Denver Bar Association
January 2008
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Let Your 2008 Shine: Set goals AND achieve them!

by Anne Payrs

"Don’t Just Set Goals for 2006: Achieve Them" by Anne Payrs, published in Law Practice Today, January 2006. Copyright © 2006 by the American Bar Association. Reprinted with permission.

rowing up, each year my brothers and I were required by my father to write down our weak points and strong points and to devise a list of goals, along with an action plan, for the year. This annual ritual was always met with much groaning and eye-rolling, so my dad was delighted to learn that for all my complaining, it’s a practice I have maintained in my adulthood.

I sometimes question why I continue the exercise year after year. My strengths and weaknesses don’t change much with time, except perhaps to become more pronounced with age. And a few of those goals (exercising more regularly, saving more for retirement) seem to appear again and again. Recently, I found a few of my old lists and had the realization that for every goal that stubbornly remains, there is a goal that I have accomplished: Finishing my Masters Degree. Changing my career. Starting a retirement fund. Losing 10 pounds (okay — I did gain that back).

Most people tout the benefit of writing things out as a way to clarify your plans and ambitions. But I believe the greatest benefit is being able to look back and see the progress you can make when you set your mind to it.

The strengths and weaknesses exercise is pretty straightforward. On a sheet of paper, make two columns: one entitled "Strengths" and one called "Weaknesses." Strengths are pretty easy. We know instinctively our best assets, whether it is our organizational skills, our outgoingness, our attention to detail. The tricky part is to be brutally honest with your self about your faults. I stink at delegation, most likely because I like things done my way. The problem is, there are plenty of people I could delegate things to who are far more talented than me and more than willing to pitch in. So, I make a conscious effort to let go of some of the control. When we had guests over a few weeks ago, I let my husband serve up the chili and open the wine. Granted, I would have used a different serving bowl and chosen beer over wine, but I kept my mouth shut and enjoyed letting him play host for a night.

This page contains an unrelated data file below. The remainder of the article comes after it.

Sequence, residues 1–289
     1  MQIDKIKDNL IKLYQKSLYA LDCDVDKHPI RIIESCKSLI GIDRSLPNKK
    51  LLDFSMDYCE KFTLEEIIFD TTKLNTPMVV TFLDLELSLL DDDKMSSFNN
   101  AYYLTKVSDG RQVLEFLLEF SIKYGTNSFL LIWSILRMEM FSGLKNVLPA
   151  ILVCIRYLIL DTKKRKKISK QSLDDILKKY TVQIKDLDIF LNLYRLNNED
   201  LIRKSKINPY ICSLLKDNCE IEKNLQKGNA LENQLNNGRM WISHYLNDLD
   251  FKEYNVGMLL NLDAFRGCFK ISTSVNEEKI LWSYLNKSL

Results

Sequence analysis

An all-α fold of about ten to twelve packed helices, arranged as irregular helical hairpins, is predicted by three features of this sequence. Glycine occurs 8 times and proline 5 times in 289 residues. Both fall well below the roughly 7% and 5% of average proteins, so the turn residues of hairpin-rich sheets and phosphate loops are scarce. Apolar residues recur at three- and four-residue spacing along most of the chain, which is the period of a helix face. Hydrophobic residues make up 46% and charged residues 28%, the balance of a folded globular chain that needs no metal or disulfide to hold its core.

Goals present a different challenge. The actual writing of the goals is really not that hard. We all know what we want, whether it is a promotion at work, a fabulous vacation, or to have enough money set aside for our kids to go to college. Developing the action plan of how to achieve those goals is more challenging.

I remember handing my dad a goal during college — I wanted to study abroad. That’s great, he said, but how are you going to do it? What country? What school? How are you going to pay for it? Oh, boy. I sat down again. I needed $2,000 to live on and for travel. I wanted to go to England, but my school only offered a program to France. I began to devise a plan. I would waitress all summer to save the money I needed. I would investigate programs in England. I would apply for my passport and student visas during Christmas break, when I would be able to go directly to the consulate in New York City, not far from my parents’ home. Suddenly, what started as a hopeful statement looked like a very achievable reality. In the end, I not only did a semester in London, but one in France as well.

Be specific about how you will achieve your goals. If you want to save for your children’s college education, you might include steps such as: 1) Get three recommendations for financial advisors and set up meetings with each of them. 2) Calculate how much you need to save. 3) Research what financial vehicles are available. (My Dad would then have you make a matrix comparing them, but that’s another column.)

The bottom line is to be specific, not only as to what your goal is, but how you will achieve it. Use your strengths to help you reach those goals and analyze your weaknesses to understand what might keep you from realizing them. My final bit of advice — tuck away your lists someplace. You’ll get a kick out of reading them in a few years.


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